Contributed by Alfred Wong, Class of 2016
This week I am starting class and with it my first step of a long journey into medicine. Over the past months I have done a lot of reflection why but moreover how I got here, a place in one of the best medical programs in the world. So how does one know medicine is for them? And if so how does one best go about getting into medical school? Sorry, I am not going to answer these questions, partly because like many things in life there exists many correct answers to these questions, and partly because you have to answer them yourself.
What I am going to offer is something more useful and can be done even before you have the answers to those two questions: three process-oriented actions any aspiring doctor can and should do.
What you will read are actions that have contributed to my own long-term success not only as a medical applicant, but also as a person and professional going forward into my career.
The business of pursing medicine is onerous, challenging, and just plain tough at times. Many of you will likely fail before you get it right: I did.
First Prime Minister of Singapore, Lee Kuan Yew wrote that in his own learning he constantly, “benefited from the lessons others paid for.” I offer you a candid look at my own struggles, failings and the wisdom I have collected from so many others, with a hope that you may find a useful perspective.
These ideas are not original; but they do not need to be. Cynics might brush off these things as mere common sense; I remind them that in human history knowledge and wisdom are not like genes; they cannot be inherited and for that common sense has always remained uncommon.
“Those who lack courage will always find a philosophy to justify it.” - Albert Camus
The biggest disservice you can do is to pity yourself. Envying others for their accomplishments only serves to marginalize your own and impairs your ability to be constructive. Not to say that knowing whether you are competitive for applications isn’t healthy; but going beyond that is not. There is no such thing as a perfect candidate. Most admissions committees will echo this position. Know that accomplishments regardless of how prestigious, a presidency on a volunteer committee(s), graduation distinctions, a job in a well-regarded company, all represent the past. Have you noticed how the cleverest people at school are not those who make it in life? The future will be determined by your desire to succeed and the actions you take today to succeed.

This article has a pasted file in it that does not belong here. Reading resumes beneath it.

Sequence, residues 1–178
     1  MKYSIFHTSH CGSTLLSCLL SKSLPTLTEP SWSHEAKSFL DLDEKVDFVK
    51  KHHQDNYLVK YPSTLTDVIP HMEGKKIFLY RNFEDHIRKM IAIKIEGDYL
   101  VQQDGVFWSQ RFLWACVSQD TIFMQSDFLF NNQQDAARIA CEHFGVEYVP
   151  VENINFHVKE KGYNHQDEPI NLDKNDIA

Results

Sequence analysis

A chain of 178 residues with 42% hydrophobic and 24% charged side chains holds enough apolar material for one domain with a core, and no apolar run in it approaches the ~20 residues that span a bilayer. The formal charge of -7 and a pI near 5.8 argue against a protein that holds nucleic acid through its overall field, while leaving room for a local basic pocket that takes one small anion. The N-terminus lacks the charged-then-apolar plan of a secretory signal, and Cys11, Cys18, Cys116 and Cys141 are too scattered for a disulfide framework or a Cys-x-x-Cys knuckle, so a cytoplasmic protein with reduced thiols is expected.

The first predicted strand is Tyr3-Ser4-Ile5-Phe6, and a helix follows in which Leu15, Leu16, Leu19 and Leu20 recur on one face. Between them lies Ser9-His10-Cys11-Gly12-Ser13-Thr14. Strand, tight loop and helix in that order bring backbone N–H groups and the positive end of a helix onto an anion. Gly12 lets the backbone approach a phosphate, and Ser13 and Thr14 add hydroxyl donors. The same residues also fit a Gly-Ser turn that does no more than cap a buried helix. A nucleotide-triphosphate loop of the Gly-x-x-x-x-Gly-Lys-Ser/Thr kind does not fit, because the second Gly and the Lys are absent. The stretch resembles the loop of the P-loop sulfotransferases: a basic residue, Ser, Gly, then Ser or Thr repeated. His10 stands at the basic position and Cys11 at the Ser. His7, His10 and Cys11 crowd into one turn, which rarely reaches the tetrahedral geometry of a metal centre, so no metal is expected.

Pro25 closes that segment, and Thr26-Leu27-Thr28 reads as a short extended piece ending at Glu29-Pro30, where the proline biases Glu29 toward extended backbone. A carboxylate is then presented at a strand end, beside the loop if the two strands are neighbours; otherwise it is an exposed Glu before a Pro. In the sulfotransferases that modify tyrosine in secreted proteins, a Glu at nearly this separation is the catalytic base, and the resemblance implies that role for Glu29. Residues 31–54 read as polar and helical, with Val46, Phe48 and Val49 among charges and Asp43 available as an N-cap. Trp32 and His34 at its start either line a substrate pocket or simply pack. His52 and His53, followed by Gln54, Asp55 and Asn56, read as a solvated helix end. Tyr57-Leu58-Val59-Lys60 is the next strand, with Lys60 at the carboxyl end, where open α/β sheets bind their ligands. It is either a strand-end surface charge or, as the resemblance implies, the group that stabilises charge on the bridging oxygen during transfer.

Another disservice is yielding to thoughts of being left behind because your friends have all gotten into professional school on their first try. Many practicing physicians I have asked over the past five years frankly said that the race to get to medicine is an empty one. Furthermore, these accomplished physicians are in careers spanning three decades, and some have retrained beyond medical school, what does it matter if you have to take a year or two more getting in? What does it matter if you need to take the MCAT again? Self-pity can even come at the admissions interview. In the company of so many talented candidates and hearing so many inspiring life stories might make one feel overly modest about oneself and feed an urge to explain why one’s accomplishments are not as good as others, or why these achievements could have been better but were not,as if making the committee feel sorry for me will inspire them to give me a spot. This thinking and behavior is all self-defeating and is why I failed my own interviews the first time. Some of my interviewers later said that my achievements were not the limiting factor; the limiting factor was that I didn’t inspire confidence that I knew medicine was for me; that I believed in myself. No wonder because I had beat myself up with so much self pity.
What did help me was identifying and cultivating what I had to offer and being great at it. Achieving excellence in my strengths is what set me apart and gave me self-confidence over self-pity. After failing my interviews, I refused to see myself a victim of bad luck or circumstance; and I focused on the only thing I could control: my actions and my performance. I decided use my savings to move to Toronto: to find that opportunity.
After five failed applications elsewhere I was accepted as a volunteer at the Anne Johnston Health Station; a community health centre. Over two months, I supported seniors healthy living programs, designed and published marketing, represented the centre at health fairs and authored the first comparative qualitative review of competing Diabetes programs done in five years. It would be wrong to assume that I was completely comfortable, certain of the future, or succeeded all the time. I was never promised that I would be given work that would match my experience, nor that the work would have relevant medical experience. However, I was willing to learn gradually and earn trust with others; I was willing to create opportunities to use my strengths. Most of all, I made every opportunity count regardless of how small or modest, into an example of excellence. My contributions caught the attention of staff and management and I was hired as the full-time Coordinator for the entire Diabetes Program working directly with program clinicians.